Eugene Volokh distinguishes between discrimination because of someone's religious action and discrimination because of someone's non-religious actions based on one's own disapproval of that action for religious reasons. If I refuse to hire a Muslim, that's illegal. If I fire someone for eating pork, when the pork eating is for a religious ritual of some sort, then it's illegal. In this case, a woman ate pork on the grounds of the Muslim company she worked for. She didn't do it for religious reasons, though. She was just eating pork. It was entirely secular. Volokh says there's nothing illegal about that, because no one's religion is being discriminated against. It's a secular action that's being discriminated against, and he says that's legal (as long as it doesn't also discriminate against the person for being part of a different protected group, e.g. a racial group).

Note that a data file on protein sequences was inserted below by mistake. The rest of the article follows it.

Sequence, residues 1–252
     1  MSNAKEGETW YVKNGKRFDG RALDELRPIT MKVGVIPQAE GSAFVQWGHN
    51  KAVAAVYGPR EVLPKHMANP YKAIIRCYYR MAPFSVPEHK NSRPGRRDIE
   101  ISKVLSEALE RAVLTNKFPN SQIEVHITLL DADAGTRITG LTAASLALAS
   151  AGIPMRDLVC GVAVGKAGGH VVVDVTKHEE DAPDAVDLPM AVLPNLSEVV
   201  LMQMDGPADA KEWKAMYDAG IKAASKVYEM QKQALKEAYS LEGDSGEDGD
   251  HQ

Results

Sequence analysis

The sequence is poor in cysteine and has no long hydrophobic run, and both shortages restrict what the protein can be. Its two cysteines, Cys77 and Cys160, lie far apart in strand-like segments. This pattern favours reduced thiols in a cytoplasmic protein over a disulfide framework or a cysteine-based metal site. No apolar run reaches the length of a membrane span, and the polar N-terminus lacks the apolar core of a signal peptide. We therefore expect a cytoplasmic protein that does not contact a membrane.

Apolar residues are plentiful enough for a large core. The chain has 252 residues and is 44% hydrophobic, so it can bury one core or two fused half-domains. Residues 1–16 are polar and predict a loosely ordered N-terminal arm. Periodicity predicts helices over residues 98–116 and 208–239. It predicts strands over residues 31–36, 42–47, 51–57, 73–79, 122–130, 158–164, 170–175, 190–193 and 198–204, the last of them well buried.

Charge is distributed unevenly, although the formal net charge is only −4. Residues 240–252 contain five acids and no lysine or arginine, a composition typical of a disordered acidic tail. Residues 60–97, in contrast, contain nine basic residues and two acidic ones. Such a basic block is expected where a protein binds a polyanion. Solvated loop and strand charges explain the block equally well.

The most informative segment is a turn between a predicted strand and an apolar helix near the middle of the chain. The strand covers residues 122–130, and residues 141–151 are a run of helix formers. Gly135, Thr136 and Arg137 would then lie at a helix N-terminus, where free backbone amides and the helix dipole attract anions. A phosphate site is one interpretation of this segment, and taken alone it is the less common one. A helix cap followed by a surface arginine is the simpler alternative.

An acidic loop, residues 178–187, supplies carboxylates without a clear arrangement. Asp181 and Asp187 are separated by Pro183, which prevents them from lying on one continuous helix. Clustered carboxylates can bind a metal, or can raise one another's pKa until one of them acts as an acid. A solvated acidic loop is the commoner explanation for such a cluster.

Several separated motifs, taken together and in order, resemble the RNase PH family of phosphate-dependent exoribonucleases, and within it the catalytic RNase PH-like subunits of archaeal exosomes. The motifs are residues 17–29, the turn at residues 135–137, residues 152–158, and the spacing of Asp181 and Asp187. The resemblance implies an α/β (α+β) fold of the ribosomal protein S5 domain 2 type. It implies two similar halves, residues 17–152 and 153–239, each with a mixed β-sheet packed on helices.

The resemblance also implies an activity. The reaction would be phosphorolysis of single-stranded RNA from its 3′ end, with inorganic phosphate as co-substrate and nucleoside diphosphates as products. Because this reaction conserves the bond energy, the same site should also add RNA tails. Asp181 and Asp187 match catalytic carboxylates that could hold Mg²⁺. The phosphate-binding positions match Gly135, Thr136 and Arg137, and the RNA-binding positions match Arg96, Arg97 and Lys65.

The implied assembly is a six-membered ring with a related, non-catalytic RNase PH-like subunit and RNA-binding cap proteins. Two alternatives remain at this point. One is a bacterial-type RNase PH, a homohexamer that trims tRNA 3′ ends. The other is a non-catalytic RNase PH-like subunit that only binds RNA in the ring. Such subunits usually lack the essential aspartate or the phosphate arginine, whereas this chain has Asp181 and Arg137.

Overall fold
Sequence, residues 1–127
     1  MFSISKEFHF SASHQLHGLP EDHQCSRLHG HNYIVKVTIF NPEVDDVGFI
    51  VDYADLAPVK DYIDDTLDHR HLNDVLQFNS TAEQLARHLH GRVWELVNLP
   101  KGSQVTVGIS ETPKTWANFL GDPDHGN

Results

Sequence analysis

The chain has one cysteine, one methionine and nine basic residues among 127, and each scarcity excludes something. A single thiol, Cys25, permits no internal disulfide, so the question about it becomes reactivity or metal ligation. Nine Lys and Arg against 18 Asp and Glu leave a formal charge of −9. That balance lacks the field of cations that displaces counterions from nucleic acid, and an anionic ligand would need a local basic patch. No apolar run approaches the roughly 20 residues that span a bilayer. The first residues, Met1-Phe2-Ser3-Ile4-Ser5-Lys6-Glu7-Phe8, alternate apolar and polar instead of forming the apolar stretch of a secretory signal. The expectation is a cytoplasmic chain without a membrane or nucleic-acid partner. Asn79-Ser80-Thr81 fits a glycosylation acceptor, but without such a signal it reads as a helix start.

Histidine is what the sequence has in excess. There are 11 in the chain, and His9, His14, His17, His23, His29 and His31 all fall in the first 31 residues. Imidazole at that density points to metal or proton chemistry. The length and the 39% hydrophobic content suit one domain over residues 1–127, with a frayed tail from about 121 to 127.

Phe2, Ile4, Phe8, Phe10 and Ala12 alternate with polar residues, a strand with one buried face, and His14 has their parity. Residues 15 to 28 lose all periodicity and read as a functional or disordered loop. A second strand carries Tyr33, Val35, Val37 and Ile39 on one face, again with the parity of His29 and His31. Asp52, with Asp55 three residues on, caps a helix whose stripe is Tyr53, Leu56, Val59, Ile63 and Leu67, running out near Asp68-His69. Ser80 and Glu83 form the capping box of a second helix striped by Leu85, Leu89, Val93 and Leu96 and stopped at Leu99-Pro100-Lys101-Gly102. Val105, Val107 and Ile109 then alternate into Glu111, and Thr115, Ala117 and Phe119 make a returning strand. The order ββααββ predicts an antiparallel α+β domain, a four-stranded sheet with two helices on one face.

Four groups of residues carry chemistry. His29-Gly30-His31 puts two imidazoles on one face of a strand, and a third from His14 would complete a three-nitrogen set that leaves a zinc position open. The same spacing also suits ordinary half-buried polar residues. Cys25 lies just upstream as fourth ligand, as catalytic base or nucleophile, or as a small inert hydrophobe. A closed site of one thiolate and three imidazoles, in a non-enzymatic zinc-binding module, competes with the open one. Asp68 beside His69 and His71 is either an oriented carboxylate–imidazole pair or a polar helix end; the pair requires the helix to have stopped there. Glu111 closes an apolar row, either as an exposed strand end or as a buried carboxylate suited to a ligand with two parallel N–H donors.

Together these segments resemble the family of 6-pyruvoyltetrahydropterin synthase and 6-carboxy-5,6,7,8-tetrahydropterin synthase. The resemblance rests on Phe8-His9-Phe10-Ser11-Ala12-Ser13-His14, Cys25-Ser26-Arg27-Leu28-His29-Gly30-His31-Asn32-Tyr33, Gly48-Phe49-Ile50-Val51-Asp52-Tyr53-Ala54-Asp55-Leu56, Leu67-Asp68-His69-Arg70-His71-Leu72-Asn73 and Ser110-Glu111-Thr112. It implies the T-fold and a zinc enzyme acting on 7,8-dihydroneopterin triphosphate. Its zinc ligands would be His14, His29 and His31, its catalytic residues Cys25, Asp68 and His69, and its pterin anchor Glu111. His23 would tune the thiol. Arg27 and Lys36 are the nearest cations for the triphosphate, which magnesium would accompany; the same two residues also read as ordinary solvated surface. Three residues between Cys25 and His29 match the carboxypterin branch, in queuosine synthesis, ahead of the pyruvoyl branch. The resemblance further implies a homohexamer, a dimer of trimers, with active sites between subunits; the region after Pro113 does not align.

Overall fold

Two things surprised me here. One is that it isn't agaisnt the law to fire someone for being gay. He's a little uncareful here, because he's talking about actions, and being gay isn't an action. It's a state of being. Engaging in gay sex is an action, so if I fire someone for having gay sex there's nothing illegal about it. He thinks it may still be immoral, but the law can't stop me. I didn't think it was legal anymore to refuse to allow someone to rent from you simply because the person is gay, but perhaps it still is. Second, isn't this structure really easy to abuse? It's hard to argue that eating pork is required by one's religion, and having gay sex is also at least non-obligatory in every religion I've ever heard of, but religions can form easily, and lots of practices that might be a good reason for someone not to want you working for them but that are legal can then be declared part of the religion. I don't like how easily this can lead to discrimination charges if someone wants to go to the effort to sue over something they can concoct a religion to require.